Tuesday, August 21, 2012

Thousands in Illinois likely eligible for deferred deportation program

By Jamey Dunn 

A new policy from President Barack Obama’s administration opens the door for thousand of undocumented young residents of the state to temporarily avoid the fear of deportation.

Since August 16, undocumented youths can apply for a program called Deferred Action for Childhood Arrivals, which offers two-year renewable reprieves from deportation. To qualify, applicants must be able to prove that they are 30 or younger, that they came to the country before they turned 16 and that they are students, graduates or have served in the military. Those applying must have must have clean criminal records.

Applicants may also be eligible for work permits. Fred Tsao, policy director for the Illinois Coalition for Immigrant and Refugee Rights (ICIRR), said an August 16 Chicago event to assist potential applicants, which the group helped organize,  had an estimated attendance of 13,000 people. He said that the crowd was so big that organizers had to turn some people away. Tsao said that about 7,500 people received advice, and 1,500 received assistance with processing their applications. Less than a week after the policy went into effect, Tsao says “The response has been powerful.”

ICIRR estimates that about 75,000 people in the state may be eligible for a deferment. “They may also be granted a work permit,” he said. “If you are granted a work permit, you can get a social security number, which means, of course, you can work legally.” In Illinois, it also means you can get a driver's license.

The Pew Hispanic Center estimates that up to 1.7 million of the approximately 4.4 million undocumented immigrants in the country who are 30 or younger could potentially qualify for the program. The application charge for the program is $465, which is the cost to apply for a work permit. Tsao cautions that, while many who receive the deferment may get a work permit, some will not. “It’s not automatic.” Work permits will be temporary and renewable.

Obama put the policy in place through his executive powers after years of fruitless efforts at passing the DREAM Act, which would have offered many young immigrants a path to citizenship. “Now, let's be clear — this is not amnesty, this is not immunity. This is not a path to citizenship. It's not a permanent fix. This is a temporary stopgap measure that lets us focus our resources wisely while giving a degree of relief and hope to talented, driven, patriotic young people. It is the right thing to do,” Obama said when he announced the program.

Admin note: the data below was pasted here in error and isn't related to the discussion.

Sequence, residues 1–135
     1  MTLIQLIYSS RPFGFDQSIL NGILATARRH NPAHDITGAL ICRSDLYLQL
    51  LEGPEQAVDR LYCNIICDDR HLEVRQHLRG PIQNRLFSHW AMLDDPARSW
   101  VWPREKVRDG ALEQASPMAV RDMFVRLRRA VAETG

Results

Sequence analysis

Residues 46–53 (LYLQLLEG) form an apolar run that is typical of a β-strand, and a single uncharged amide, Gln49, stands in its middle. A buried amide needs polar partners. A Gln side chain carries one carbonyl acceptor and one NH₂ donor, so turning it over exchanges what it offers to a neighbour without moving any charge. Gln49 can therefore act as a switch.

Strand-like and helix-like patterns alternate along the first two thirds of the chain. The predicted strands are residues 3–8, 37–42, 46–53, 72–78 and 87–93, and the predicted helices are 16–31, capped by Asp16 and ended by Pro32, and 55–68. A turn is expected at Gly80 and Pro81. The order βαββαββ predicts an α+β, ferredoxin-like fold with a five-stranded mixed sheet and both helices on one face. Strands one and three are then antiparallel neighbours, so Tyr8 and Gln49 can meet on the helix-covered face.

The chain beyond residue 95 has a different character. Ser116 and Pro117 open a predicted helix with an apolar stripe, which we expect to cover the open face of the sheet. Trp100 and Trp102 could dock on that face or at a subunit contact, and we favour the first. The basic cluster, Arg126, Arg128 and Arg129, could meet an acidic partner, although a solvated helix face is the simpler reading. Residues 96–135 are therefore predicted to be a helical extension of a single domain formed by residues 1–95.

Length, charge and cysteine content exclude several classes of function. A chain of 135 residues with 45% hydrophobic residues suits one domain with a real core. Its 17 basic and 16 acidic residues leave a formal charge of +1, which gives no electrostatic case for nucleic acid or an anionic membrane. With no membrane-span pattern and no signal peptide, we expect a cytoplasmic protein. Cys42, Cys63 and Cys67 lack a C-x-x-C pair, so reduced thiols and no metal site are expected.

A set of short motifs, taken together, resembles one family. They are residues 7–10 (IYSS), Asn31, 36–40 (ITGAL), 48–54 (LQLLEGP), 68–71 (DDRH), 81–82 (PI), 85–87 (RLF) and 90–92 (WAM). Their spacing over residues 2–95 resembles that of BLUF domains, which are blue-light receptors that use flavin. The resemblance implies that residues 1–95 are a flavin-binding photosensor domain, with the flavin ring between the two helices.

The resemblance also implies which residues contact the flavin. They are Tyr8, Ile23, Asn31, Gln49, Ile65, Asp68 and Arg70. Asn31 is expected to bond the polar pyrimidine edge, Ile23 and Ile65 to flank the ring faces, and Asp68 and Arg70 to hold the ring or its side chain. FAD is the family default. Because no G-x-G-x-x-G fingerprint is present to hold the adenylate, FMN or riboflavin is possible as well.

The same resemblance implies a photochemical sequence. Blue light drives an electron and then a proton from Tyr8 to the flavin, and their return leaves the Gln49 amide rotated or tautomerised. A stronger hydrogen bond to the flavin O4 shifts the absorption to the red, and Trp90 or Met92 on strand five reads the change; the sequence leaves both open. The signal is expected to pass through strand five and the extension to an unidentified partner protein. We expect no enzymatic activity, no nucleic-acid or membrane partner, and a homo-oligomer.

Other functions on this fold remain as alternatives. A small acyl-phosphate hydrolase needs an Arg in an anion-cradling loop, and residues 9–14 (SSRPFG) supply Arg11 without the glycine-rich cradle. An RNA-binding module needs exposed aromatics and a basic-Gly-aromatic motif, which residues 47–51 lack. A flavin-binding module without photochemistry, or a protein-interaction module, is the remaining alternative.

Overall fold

“The initiative is an opening for undocumented immigrants to — on a trial basis — be here, study and work all under lawful auspices. It is an opportunity, as well, to challenge the perception of undocumented [immigrants] particularly of undocumented youth, who in nearly all cases are people who are eager to be Americans, in fact as well as in spirit,” Tsao said.

Critics call the policy a cynical attempt at pandering from a president in a close re-election race. “Congress has never said the president has he power to do what he’s doing, but states are apparently expected to cough up billions and billions of taxpayer dollars to provide one benefit after another to a group of people that are here illegally,” said Dan Stein, president of the Federation for American Immigration Reform. Nebraska Gov. Dave Heineman and Arizona Gov. Jan Brewer have announced that residents receiving deferrals in their states would not be eligible for any state benefits, such as driver's licenses.

Stein called the program “unconstitutional” and a “gross abuse” of the president’s power. “The big problem with this status is that it appears to be dependent on the president getting re-elected,” he said.

“It is a definite concern that the policy may change as a result of the election,” said Tsao. But he said that the program is a result of the grassroots advocacy lead by young people, who have been holding demonstrations, lobbying their elected officials and taking the risk of “coming out” as undocumented. “This intuitive was won largely as a result of young people coming forward, putting themselves at risk. ...It’s going to take just as much courage to keep this initiative won, regardless of who is president.”

Tsao recommends that those considering applying for the program seek out an immigration lawyer or advocacy group. “We are recommending that these young people consult with attorneys or authorized not-for-profit organizations that practice immigration law, if only because some of them may actually qualify for more permanent benefits. They may just not realize it,” he said.

 For more information on the program, see the ICIRR’s dedicated website, DreamRelief.org and the Chicago-based Heartland Alliance National Immigrant Justice Center’s website, dreamerjustice.org.

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